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digitalmars.D.learn - static initialization question

reply Weed <resume755 mail.ru> writes:
moved from digitalmars.D

 Re: static initialization question 	Digital Mars
 Benjamin Shropshire (ao pathlink.com) 	2008/12/10 16:46
 Reply to Weed,

 why I can not initialize static variable this way:

 static MyClass c = new MyClass;

 Error: non-constant expression new MyClass

 (dmd 2.014)

this NG is more or less dead. The digitalmars.d.learn NGs would be a better choice. Only compile time constant values are legal for static initializers because they are initialized at compile time as part of the static data segments.

But my class does not contain data that need initialization and can be created in compile time
Dec 10 2008
parent reply Weed <resume755 mail.ru> writes:
code:

import std.stdio;

class MyClass
{
    invariant uint a = 0;
}

void main()
{
    static MyClass c = new MyClass;
    writeln( c.a );
}
Dec 10 2008
next sibling parent "Denis Koroskin" <2korden gmail.com> writes:
On Thu, 11 Dec 2008 01:31:32 +0300, Weed <resume755 mail.ru> wrote:

 But my class does not contain data that need initialization and can be created
 in compile time

 code:

 import std.stdio;

 class MyClass
 {
     invariant uint a = 0;
 }

 void main()
 {
     static MyClass c = new MyClass;
     writeln( c.a );
 }

There is a memory allocation that may occurs at run time only.
Dec 10 2008
prev sibling next sibling parent reply "Jarrett Billingsley" <jarrett.billingsley gmail.com> writes:
On Wed, Dec 10, 2008 at 5:31 PM, Weed <resume755 mail.ru> wrote:
 code:

 import std.stdio;

 class MyClass
 {
    invariant uint a = 0;
 }

 void main()
 {
    static MyClass c = new MyClass;
    writeln( c.a );
 }

It's not the class member that wants static initialization, it's your variable declaration. static MyClass c = new MyClass; This is illegal because static variables must be initialized with compile-time constants. The simple way around this is: static MyClass c; // defaults to null c = new MyClass; Which separates the declaration from initialization.
Dec 10 2008
next sibling parent BCS <ao pathlink.com> writes:
Reply to Jarrett,

 On Wed, Dec 10, 2008 at 5:31 PM, Weed <resume755 mail.ru> wrote:
 
 code:
 
 import std.stdio;
 
 class MyClass
 {
 invariant uint a = 0;
 }
 void main()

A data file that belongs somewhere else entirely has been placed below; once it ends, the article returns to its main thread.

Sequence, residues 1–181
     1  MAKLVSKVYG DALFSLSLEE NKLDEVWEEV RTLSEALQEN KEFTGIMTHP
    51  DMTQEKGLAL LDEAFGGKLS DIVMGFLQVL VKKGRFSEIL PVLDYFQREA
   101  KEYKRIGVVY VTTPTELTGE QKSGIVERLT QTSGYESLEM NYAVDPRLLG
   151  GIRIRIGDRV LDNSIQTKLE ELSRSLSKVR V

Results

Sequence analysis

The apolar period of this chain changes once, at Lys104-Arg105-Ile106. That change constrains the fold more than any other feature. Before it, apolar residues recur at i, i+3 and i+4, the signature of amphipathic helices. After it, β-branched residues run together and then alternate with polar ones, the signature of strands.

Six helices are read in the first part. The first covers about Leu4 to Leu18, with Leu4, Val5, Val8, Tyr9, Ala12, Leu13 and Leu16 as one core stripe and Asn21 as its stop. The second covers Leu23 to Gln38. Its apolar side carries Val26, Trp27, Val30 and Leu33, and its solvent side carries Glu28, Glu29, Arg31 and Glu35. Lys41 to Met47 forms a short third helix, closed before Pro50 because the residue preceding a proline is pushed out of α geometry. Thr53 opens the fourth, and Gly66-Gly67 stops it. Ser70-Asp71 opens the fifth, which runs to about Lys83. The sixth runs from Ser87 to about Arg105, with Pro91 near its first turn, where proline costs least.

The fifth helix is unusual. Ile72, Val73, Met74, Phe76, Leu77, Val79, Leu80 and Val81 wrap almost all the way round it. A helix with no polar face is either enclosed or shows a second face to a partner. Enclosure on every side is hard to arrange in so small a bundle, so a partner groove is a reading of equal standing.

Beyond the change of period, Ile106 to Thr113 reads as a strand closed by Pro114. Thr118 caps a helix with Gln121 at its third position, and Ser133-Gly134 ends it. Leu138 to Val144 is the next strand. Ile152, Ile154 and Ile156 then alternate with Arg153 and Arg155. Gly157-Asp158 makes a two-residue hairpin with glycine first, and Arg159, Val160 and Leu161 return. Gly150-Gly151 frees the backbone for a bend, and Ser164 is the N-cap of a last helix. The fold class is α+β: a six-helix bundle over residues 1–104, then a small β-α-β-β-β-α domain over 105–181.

{
 static MyClass c = new MyClass;
 writeln( c.a );
 }

variable declaration. static MyClass c = new MyClass; This is illegal because static variables must be initialized with compile-time constants. The simple way around this is: static MyClass c; // defaults to null c = new MyClass; Which separates the declaration from initialization.

As long as you do this in main it works. In other functions (that might get called more than once) you will need to do something else. Ripping the variable out of the function would let you use a static constructor: class MyClass { invariant uint a = 0; } MyClass c; static this() { c = new MyClass; } void main() { writeln( c.a ); }
Dec 10 2008
prev sibling parent Weed <resume755 mail.ru> writes:
Jarrett Billingsley :
 On Wed, Dec 10, 2008 at 5:31 PM, Weed <resume755 mail.ru> wrote:
 code:

 import std.stdio;

 class MyClass
 {
    invariant uint a = 0;
 }

 void main()
 {
    static MyClass c = new MyClass;
    writeln( c.a );
 }

It's not the class member that wants static initialization, it's your variable declaration. static MyClass c = new MyClass; This is illegal because static variables must be initialized with compile-time constants. The simple way around this is: static MyClass c; // defaults to null c = new MyClass; Which separates the declaration from initialization.

In C++ analogous construction means creation of uninitialized static pointer (in compile time) and it's initialization at first execution of this line in the function. Why D does not behave that way on this construction?
Dec 10 2008
prev sibling parent "Denis Koroskin" <2korden gmail.com> writes:
On Thu, 11 Dec 2008 02:13:58 +0300, Weed <resume755 mail.ru> wrote:

 Denis Koroskin пишет:
 On Thu, 11 Dec 2008 01:31:32 +0300, Weed <resume755 mail.ru> wrote:

 But my class does not contain data that need initialization and can be  
 created
 in compile time

 code:

 import std.stdio;

 class MyClass
 {
     invariant uint a = 0;
 }

 void main()
 {
     static MyClass c = new MyClass;
     writeln( c.a );
 }


In C++ analogous construction means creation of uninitialized static pointer (in compile time) and it's initialization at first execution this line in the function. Why D does not behave that way on this construction?

You can this easily yourself. // That's what C++ do under the hood: static MyClass c = null; if (c is null) { c = new MyClass(); } But it is a) thread-unsafe b) a runtime check is done upon every function execution It can be replaced with a more sophisticated (and error prone) solution: static MyClass c = null; if ( (auto old = c) is null ) { MyClass tmp = new MyClass(); if (!CAS(&c, old, tmp)) { delete tmp; } } While it is (arguably) safe, two object might co-exist for a short amount of time, which is unacceptable in many case. As a summary, the C++ solution is full of problems and leads to bad design practices. The D way is to avoid them. You should use a private global variable that is initialized in a static initializer (static this) or a plain old struct, instead.
Dec 10 2008